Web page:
I will also provide information on some expanded arrangements for testing in those settings.
And in addition, as you might expect, the statement tomorrow will give an update on where we are with the vaccination programme.
I want to, of course, give you an update on that today.
As of 8.30 this morning, 575,897 people in Scotland had received their first dose of the vaccine.
That now includes 98% of all residents in all older care homes. To be clear, that’s not just 98% of people in our older care homes being offered the vaccine, that is 98% who have now received the first dose of the vaccine.
In addition, 88% of the staff working in older peoples care homes have also had that first dose of vaccine. A really important step in order to help protect the people we know who are most vulnerable to this virus.
In addition, 80% of those over the age of 80 living in the community have received their first dose of the vaccine – meaning that we are ahead of schedule to complete first doses for that age group by Friday.
Vaccination of the over 70 group is now underway – already 14% of over 75s have been vaccinated and this number will accelerate through this week.
By the end of this week, everyone aged 70-79, and everybody in the extremely clinically vulnerable group, in terms of adults in that group, will have received an invitation letter inviting them to receive their first dose of the vaccine. We are well on track for everyone in these groups to have received their first dose by mid-February.
Many people aged 65 to 69 have also received appointment letters, with more letters for that age group going out this week in Lothian, Grampian, and Greater Glasgow and Clyde.
As you might have seen in the media this morning, today marks an important stage in the vaccination programme, with mass vaccination centres opening at the Edinburgh International Conference Centre, and at the P&J Live complex in Aberdeen.
The Edinburgh centre will be able to initially administer 21,000 vaccine doses each week, and the Aberdeen centre will have an initial ability of 6,000. Of course, the mass vaccination centre in Glasgow at the NHS Louisa Jordan is already up and running.
Other vaccination centres are also opening across Scotland – many these in smaller communities will be located in community facilities like village halls and sports centres. By the end of this week, more than 150 of these will be operational in different parts of the country - this is of course in addition to centres and the GP practices administering vaccines for the last few weeks.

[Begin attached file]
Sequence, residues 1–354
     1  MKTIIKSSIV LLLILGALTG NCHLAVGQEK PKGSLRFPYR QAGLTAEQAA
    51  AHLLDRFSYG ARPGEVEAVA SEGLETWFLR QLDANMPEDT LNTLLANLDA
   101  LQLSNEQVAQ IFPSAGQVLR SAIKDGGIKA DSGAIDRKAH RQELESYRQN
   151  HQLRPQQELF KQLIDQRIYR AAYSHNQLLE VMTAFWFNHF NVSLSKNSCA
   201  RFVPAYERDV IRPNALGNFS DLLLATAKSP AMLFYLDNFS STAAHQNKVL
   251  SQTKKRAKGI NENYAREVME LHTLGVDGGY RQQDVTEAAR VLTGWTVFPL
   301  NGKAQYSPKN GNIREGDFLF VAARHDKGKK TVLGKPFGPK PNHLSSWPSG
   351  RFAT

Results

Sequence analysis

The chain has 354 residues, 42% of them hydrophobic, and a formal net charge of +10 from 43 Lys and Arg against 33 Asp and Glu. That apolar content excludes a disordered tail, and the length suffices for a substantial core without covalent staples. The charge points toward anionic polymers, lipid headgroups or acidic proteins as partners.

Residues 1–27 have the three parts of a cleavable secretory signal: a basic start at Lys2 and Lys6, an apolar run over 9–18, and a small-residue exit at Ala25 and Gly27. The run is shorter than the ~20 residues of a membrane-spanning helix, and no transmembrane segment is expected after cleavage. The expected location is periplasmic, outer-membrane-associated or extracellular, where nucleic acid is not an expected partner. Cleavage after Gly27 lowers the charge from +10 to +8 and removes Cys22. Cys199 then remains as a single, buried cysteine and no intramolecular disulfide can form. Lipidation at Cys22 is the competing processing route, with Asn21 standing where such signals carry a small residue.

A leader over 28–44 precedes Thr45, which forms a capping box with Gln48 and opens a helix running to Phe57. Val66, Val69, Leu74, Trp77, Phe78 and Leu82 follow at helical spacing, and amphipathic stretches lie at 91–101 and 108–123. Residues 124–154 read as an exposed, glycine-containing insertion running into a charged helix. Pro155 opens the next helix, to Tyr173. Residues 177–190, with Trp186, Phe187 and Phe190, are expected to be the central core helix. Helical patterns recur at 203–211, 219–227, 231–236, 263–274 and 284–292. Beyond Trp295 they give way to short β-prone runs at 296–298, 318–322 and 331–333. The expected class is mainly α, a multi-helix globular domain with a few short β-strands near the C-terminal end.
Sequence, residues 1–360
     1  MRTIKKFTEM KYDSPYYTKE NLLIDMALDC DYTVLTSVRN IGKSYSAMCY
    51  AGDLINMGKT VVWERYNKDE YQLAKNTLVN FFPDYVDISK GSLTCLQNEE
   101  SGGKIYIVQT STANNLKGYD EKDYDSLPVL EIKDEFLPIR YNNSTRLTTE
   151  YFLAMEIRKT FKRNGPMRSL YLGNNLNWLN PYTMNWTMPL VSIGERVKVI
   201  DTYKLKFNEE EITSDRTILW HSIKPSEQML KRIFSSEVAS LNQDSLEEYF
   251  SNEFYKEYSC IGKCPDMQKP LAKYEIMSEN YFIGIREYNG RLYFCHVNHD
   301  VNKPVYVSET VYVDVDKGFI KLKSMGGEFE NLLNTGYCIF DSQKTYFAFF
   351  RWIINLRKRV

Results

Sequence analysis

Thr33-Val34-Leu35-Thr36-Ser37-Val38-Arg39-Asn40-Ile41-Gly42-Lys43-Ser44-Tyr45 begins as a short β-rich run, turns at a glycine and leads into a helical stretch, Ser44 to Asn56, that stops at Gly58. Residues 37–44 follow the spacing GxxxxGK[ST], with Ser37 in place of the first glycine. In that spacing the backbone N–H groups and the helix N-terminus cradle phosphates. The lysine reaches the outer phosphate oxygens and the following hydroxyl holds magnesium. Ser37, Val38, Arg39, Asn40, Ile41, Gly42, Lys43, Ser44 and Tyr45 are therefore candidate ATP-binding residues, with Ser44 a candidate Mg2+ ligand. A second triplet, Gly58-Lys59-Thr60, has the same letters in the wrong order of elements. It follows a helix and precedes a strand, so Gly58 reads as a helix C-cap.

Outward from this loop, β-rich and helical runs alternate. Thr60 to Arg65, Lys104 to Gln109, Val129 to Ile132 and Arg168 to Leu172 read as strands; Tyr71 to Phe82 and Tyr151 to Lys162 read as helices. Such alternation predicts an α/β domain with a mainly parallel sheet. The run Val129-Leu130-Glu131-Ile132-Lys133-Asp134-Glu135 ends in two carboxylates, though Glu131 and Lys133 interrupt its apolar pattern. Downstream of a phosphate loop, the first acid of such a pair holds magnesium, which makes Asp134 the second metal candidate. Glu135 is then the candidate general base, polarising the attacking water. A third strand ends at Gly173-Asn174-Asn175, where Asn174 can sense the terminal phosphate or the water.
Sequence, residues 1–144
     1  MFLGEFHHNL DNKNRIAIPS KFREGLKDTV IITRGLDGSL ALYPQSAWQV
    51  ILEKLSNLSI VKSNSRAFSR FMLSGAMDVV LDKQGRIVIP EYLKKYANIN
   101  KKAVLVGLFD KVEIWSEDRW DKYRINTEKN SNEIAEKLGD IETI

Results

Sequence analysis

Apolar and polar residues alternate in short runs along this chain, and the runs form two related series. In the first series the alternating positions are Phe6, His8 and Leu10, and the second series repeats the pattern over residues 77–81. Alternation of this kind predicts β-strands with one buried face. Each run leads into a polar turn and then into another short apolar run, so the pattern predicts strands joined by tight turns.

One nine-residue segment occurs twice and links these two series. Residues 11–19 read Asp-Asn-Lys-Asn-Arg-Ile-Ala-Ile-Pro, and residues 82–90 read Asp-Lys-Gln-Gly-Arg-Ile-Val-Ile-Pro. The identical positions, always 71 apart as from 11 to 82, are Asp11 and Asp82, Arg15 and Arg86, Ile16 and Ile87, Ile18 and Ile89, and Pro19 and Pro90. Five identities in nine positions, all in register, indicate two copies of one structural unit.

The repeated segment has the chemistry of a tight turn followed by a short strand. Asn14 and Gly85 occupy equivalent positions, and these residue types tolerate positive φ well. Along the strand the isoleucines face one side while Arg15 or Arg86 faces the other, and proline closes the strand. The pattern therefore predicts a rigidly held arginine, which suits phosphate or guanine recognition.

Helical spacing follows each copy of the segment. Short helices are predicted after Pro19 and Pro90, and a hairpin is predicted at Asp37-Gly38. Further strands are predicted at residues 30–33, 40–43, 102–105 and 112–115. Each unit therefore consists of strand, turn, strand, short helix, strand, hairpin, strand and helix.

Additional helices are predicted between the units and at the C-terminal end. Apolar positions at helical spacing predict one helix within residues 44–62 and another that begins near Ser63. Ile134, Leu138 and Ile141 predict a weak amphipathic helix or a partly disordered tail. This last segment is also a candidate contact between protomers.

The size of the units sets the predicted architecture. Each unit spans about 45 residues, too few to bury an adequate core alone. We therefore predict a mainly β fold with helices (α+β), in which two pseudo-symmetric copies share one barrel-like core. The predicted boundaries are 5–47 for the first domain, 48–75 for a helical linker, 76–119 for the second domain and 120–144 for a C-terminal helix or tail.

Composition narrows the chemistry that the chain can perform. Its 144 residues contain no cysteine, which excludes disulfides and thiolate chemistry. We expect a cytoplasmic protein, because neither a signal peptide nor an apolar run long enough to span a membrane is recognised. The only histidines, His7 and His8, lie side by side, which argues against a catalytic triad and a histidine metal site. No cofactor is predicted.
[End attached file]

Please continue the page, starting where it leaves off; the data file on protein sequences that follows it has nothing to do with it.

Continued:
Assuming supplies of the vaccine come through as we expect them to do, this expansion of capacity means that we are confident of meeting all our targets for vaccinating different groups of people.
I want to take the opportunity to pay tribute to and thank all those who are working so hard across the country to get these shots of vaccine into people’s arms.
Last point on vaccines I want to make is just to remind people, particularly those who have already received their first dose, you must remember that it does not start to have a protective effect until – we estimate – about two weeks after you have received it.
At that point, while we know that it will help to protect you from becoming seriously ill from Covid, we don’t yet know whether it will stop you actually getting Covid or transmitting it to other people.
The reason I am making these points right now is just to remind you that notwithstanding the good progress we are making in vaccination, that doesn’t yet mean we can relax.
And it continues to be the case, that these restrictions are important to suppress the virus to much lower levels than it is at right now. And of course, they only work if everybody sticks with them – including people who have received, or who are about to receive, their first shot of the vaccine.
So please, everybody, my plea as usual is to stick to the lockdown rules.
The most important ask we are making of everybody right now is stay at home as much as you possibly can.
Please only leave the house for essential purposes. Those include caring responsibilities, essential shopping, exercise and work that genuinely can’t be done from home.
Meetings outdoors should be limited to one other person from one other household.
Work from home whenever you can – employers have a legal duty to support people to work from home wherever possible.
If you are out for essential purposes, please remember all of the FACTS advice.
- wear face coverings, for example when you are doing essential shopping;
- avoid places that are busy;
- clean hands and surfaces;
- use two metre distancing if you are talking to someone from another household
- and self-isolate and book a test if you have symptoms.
We are, at this stage, making good progress through lots of hard sacrifice and we are also making good progress through the vaccination programme. But the virus remains a real threat, it remains at higher levels than we would want it to be so we still have got work to do, and I am grateful to everybody for your co-operation with that.
So please - stay at home, to help protect the NHS and of course, save lives.